Membrane barrier delivery of formic acid, a chemical used for mite control on honey bees (Apis mellifera)

publication date: Mar 11, 2010
Send a summary of this page to someone via email.

Journal of Apicultural Research
Vol. 38 (1-2) pp. 63-69
Date
June 1999
 
Article Title

Membrane barrier delivery of formic acid, a chemical used for mite control on honey bees (Apis mellifera)

Author(s)

R Scott Daniels; Abdulkareem Hamid; R E L Rogers; Kenna Mackenzie

Abstract
Formic acid vapours have been shown to be an acceptable alternative to Apistan (fluvalinate) in the control of Varroa jacobsoni, a parasitic mite found on honey bees. In this relatively new and increasingly important alternate treatment, beekeepers are repeatedly exposed to formic acid as a liquid and its vapours. The vapour concentrations are significant, but the greater danger is exposure from direct contact of the concentrated acid with the skin. A barrier method using a latex membrane is described, and data is presented for the safe, effective and inexpensive delivery of 10 ± 1, mean ± s.e. (n = 6) g/day of 65% (vol./vol.) formic acid as vapour.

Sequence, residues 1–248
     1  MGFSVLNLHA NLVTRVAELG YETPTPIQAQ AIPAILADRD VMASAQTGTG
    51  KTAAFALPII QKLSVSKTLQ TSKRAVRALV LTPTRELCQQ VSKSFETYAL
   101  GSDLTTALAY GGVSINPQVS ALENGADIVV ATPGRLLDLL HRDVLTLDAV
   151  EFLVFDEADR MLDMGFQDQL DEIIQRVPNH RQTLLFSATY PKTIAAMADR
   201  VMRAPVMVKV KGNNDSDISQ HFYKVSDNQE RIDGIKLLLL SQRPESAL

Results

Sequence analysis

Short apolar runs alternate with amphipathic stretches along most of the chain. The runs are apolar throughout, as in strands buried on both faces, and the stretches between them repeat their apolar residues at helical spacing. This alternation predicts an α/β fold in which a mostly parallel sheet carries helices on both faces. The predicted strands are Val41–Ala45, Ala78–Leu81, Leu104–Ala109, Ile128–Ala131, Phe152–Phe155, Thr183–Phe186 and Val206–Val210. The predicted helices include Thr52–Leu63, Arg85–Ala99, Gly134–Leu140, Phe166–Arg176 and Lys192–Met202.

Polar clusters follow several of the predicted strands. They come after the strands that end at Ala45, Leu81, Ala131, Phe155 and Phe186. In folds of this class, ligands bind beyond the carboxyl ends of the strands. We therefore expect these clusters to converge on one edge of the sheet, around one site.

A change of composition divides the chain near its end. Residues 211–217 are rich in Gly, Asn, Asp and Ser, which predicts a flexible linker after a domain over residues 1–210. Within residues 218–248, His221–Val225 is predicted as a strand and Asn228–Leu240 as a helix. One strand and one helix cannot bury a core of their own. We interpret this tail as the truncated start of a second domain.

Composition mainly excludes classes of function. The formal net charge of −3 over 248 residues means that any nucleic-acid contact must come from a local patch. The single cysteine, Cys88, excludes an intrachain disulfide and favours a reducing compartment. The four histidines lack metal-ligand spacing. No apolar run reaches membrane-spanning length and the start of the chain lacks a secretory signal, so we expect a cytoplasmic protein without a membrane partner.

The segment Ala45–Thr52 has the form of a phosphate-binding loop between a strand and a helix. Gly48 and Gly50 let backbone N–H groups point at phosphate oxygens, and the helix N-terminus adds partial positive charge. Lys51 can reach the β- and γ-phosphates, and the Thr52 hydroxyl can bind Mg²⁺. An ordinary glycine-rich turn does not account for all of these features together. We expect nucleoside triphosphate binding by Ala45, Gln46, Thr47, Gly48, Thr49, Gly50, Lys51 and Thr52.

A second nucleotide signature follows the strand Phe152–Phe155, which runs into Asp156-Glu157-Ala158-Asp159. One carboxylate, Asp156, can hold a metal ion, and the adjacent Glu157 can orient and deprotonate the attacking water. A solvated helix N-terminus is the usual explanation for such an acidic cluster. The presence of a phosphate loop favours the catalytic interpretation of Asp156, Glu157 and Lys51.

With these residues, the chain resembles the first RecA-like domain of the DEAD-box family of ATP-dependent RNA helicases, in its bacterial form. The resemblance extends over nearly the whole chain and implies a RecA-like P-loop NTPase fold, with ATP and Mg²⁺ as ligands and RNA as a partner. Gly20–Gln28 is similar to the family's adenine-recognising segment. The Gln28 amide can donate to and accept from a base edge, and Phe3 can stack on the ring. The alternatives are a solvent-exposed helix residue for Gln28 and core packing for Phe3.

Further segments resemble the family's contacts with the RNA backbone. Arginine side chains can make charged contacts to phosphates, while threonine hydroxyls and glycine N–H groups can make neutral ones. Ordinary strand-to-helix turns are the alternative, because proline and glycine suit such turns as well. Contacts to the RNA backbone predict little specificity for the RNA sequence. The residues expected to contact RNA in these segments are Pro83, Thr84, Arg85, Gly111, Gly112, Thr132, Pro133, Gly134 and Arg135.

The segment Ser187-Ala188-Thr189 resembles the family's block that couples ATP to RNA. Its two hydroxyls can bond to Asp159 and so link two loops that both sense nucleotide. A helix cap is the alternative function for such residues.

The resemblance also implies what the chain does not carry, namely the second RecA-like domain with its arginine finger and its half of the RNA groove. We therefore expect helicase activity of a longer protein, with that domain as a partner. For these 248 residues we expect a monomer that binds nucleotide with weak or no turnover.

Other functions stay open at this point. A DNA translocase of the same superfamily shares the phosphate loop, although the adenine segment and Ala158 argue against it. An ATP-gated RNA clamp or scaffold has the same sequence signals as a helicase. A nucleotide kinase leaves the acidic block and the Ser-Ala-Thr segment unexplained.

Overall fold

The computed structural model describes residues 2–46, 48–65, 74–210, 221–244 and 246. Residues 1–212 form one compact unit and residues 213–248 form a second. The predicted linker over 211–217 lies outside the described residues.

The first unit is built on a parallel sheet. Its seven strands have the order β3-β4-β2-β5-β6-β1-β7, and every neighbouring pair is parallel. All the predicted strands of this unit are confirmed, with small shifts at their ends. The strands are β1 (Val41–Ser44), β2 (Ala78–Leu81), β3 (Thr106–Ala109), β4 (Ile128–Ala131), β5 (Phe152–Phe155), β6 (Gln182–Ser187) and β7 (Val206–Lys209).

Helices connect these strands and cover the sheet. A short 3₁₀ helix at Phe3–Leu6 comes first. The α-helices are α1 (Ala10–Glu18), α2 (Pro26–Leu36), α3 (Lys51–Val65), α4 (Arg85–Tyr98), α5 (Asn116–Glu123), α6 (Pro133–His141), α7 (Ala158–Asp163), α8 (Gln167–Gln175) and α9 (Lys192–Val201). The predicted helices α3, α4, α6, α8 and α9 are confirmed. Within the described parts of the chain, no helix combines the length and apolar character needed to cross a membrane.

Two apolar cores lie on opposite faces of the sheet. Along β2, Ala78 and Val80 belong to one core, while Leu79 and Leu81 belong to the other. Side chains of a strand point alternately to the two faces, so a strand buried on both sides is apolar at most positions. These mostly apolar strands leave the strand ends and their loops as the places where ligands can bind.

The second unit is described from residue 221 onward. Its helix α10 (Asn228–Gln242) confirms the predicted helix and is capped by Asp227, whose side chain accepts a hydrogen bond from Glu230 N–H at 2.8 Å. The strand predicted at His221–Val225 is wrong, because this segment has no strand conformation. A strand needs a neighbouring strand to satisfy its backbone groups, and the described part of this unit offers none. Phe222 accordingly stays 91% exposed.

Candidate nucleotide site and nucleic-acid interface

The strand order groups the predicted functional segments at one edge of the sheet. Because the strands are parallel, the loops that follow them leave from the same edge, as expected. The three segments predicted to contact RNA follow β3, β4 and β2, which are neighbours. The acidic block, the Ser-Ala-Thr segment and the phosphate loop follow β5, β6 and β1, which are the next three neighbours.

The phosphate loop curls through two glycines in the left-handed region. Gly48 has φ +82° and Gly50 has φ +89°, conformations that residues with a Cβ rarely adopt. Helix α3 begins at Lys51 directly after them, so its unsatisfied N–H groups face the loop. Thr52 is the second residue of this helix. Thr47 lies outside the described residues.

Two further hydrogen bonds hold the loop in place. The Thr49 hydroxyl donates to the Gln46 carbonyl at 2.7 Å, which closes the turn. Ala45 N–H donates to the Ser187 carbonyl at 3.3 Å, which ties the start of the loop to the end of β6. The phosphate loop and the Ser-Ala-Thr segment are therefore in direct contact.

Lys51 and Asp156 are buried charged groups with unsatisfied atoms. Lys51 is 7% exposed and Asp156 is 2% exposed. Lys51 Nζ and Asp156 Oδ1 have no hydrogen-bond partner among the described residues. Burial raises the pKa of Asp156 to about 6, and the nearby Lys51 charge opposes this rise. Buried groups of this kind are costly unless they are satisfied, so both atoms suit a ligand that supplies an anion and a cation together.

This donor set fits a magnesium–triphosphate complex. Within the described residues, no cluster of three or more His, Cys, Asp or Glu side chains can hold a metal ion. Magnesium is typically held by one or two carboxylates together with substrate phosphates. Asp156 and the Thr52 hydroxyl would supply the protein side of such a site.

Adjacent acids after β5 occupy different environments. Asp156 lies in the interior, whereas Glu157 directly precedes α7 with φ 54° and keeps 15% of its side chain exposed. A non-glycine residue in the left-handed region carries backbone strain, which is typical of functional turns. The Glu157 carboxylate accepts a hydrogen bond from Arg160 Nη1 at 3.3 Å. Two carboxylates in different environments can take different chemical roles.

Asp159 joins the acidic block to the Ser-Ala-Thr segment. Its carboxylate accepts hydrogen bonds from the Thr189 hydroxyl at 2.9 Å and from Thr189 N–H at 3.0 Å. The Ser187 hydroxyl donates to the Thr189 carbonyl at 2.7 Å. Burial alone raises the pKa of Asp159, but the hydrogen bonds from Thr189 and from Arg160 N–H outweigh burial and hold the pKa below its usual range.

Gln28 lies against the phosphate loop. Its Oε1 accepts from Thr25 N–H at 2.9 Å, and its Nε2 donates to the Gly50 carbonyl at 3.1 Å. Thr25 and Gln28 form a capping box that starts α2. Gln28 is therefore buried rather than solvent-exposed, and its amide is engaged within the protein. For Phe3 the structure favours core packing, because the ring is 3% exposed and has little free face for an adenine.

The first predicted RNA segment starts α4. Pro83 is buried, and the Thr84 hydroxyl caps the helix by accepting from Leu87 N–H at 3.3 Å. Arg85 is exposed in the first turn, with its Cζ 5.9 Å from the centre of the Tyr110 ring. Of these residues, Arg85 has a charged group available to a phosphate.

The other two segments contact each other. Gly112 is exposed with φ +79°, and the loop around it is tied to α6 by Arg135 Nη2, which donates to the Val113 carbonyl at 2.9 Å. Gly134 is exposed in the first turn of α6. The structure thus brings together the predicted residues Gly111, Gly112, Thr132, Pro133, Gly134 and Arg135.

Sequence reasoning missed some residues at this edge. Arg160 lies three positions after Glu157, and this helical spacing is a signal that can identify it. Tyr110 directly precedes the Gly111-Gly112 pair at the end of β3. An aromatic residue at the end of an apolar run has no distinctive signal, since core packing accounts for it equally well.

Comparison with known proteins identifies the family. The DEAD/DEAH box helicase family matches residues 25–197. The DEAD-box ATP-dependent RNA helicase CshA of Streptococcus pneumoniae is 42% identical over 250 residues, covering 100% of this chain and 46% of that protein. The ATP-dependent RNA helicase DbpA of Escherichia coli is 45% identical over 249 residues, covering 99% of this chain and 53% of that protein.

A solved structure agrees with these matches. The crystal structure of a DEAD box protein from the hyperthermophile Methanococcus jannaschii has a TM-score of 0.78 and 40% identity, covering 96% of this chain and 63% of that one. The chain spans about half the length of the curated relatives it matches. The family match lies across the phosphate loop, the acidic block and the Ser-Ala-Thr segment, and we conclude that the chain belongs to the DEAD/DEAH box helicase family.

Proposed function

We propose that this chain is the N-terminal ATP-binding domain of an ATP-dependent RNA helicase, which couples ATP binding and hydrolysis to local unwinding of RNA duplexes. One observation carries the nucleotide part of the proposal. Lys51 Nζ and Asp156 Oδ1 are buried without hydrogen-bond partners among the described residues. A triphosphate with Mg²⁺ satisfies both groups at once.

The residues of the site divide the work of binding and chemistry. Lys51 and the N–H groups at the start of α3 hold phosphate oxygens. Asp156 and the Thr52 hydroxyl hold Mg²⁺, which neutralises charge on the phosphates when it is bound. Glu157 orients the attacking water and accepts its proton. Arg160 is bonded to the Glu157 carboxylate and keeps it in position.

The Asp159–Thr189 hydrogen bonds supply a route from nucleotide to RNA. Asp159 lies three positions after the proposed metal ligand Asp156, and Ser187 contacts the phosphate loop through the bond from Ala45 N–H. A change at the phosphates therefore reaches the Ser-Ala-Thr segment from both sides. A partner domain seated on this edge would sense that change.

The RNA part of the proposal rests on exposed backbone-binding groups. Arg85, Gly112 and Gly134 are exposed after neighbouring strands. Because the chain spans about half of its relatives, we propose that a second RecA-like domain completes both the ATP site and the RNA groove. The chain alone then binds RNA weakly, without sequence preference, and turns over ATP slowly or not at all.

Keywords

honey bees, Apis mellifera, Varroa jacobsoni, formic acid, permeation, latex membrane delivery, control methods, health hazards

Download
Free to Subscribers button     Buy now for £5 button